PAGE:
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Successful trial of 'sperm-injecting robots' offers hope of low-cost alternative to traditional IVF

IVF usually requires a qualified embryologist working on a petri dish
IVF usually requires a qualified embryologist working on a petri dish Copyright AP Photo
Copyright AP Photo
By Sarah Palmer
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A study reported by MIT Technology Review has managed to automate the conception stage of in vitro fertilisation - but is it the future of fertility?


How do you make a baby? According to a new experiment reported in MIT Technology Review, you just need an egg, a sperm cell and a PlayStation 5 controller.

During a trial carried out in spring 2022 by a team of Barcelona-based engineers working for start-up Overture Life, more than a dozen eggs were fertilised using a microscope, a needle, a petri dish and a laptop.

Fast forward a year and two healthy baby girls have been born as a result of the study.

So, what are these sperm-injecting robots and could this really be a quicker, more affordable alternative to in vitro fertilisation (IVF)?

What does the sperm-injecting robot experiment involve?

The concept is pretty straightforward. IVF is currently an expensive process and in high demand. Overture Life is looking to make it easier and more accessible.

"It has to be cheaper. And if any doctor could do it, it would be," Santiago Munné, a geneticist and chief innovation officer at Overture Life, told MIT Technology Review.

This is widely being considered the first successful attempt at "automating" fertility. Dubbed a “desktop fertility machine,” Munné describes the sperm-injecting robots as “a box where sperm and eggs go in, and an embryo comes out five days later”.

The process the team followed is probably about as clinical as baby-making gets: a remote-controlled needle and camera penetrated eggs in a petri dish with a single sperm cell.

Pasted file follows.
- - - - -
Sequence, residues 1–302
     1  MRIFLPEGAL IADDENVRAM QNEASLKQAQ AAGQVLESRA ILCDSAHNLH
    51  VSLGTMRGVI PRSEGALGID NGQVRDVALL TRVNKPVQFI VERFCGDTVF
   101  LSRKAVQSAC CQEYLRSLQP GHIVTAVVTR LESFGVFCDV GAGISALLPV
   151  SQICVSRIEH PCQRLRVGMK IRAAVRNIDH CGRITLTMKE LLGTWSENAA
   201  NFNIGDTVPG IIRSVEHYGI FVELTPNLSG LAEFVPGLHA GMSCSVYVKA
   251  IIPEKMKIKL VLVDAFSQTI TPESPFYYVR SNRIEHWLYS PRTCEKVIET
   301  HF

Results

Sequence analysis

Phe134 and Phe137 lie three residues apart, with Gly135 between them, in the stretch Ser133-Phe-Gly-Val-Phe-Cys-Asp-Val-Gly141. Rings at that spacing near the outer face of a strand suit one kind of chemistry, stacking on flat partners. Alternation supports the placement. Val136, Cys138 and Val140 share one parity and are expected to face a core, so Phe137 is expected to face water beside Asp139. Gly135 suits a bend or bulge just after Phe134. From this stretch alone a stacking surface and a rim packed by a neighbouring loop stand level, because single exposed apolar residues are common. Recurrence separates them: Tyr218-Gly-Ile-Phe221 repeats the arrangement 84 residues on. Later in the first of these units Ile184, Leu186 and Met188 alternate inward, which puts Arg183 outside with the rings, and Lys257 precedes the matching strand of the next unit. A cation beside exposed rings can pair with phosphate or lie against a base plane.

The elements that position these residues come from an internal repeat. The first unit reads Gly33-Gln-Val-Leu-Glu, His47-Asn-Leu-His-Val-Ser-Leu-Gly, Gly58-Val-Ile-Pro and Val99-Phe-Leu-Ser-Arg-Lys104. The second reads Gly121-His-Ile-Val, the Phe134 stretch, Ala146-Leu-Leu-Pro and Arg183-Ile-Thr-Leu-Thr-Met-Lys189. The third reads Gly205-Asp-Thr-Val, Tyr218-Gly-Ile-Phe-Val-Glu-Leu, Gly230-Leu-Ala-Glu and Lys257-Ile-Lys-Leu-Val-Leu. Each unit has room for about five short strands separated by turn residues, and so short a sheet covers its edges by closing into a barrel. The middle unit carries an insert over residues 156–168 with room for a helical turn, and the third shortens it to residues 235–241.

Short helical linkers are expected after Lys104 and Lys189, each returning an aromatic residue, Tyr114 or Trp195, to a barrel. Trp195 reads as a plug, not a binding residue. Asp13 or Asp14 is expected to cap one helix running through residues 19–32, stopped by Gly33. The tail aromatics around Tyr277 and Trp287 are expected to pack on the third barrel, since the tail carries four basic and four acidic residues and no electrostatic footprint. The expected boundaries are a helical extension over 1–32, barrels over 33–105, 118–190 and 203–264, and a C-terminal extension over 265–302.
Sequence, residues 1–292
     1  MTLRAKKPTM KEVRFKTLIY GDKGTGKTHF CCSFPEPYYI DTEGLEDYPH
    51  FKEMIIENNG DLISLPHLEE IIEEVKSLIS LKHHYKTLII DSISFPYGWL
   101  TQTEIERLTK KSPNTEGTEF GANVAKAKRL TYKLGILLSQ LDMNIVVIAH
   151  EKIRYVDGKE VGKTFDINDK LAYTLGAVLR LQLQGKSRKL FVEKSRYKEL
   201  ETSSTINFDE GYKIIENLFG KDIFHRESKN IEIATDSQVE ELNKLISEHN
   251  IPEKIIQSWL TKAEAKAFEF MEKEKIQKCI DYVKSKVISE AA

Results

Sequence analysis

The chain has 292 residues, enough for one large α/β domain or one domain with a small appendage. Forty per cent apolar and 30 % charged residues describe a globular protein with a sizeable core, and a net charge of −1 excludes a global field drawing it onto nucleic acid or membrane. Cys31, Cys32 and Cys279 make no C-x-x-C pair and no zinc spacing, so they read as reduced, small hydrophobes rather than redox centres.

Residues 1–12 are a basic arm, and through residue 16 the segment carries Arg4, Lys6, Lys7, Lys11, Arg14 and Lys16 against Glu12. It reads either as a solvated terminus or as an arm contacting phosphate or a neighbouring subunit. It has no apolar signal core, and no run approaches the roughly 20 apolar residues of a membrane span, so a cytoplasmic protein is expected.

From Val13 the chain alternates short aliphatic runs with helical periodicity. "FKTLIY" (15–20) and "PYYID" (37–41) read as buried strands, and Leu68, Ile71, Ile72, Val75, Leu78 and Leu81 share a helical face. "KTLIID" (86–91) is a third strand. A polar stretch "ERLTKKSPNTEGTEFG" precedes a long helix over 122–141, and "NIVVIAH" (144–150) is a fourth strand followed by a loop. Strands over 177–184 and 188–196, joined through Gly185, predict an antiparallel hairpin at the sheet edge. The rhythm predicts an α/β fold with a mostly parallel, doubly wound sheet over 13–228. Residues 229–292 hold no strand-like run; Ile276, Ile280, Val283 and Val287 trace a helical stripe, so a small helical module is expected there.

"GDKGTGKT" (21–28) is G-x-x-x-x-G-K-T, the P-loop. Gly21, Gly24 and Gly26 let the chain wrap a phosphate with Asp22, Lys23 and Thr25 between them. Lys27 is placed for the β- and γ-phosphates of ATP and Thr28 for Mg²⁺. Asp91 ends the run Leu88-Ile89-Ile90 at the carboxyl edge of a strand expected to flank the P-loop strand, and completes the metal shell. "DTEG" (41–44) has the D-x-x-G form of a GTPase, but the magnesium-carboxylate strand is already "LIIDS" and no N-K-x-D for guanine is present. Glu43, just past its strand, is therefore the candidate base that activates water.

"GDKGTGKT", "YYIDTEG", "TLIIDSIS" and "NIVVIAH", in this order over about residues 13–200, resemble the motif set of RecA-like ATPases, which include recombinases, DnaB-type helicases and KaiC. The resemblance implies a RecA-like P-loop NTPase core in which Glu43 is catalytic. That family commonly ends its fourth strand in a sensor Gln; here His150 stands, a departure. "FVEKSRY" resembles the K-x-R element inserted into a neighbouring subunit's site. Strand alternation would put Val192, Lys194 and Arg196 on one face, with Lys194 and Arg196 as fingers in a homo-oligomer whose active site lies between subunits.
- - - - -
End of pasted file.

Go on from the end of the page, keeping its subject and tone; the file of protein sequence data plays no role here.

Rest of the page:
Student mechanical engineer Eduard Alba used a Sony PlayStation 5 controller to operate the robot.

"I was calm. In that exact moment, I thought, 'It’s just one more experiment,'" Alba said.

That’s in contrast to the painstakingly skilled practice traditional IVF follows, which involves trained embryologists delicately handling sperm and eggs using ultra-thin needles under a microscope.

While this method has proven to be increasingly successful over the years, the time, labour, and qualifications required to carry out the procedure might help explain why the average cost of IVF treatment in Europe is €2,000 - €5,000 using your own eggs and €4,000 - €7,000 when carried out as part of an egg donor programme, according to Fertility Clinics Abroad’s figures.

Is it likely to become a legitimate alternative to IVF?

Despite the initial success of the trial, the report in MIT Technology Review points out "it won’t be easy to fully automate IVF [...] Test-tube conception involves a dozen procedures, and Overture’s robot so far performs only one of them, and only partially".

While the experiment has been the first of its kind to prove that one part of the process is achievable with minimal human intervention, the test-tube baby journey is a multi-level operation that Overture’s experiment does not yet facilitate at every point.

But this undoubtedly marks a step in the right direction. And by just automating the fertilisation stage alone, it could save future parents money when it comes to IVF.

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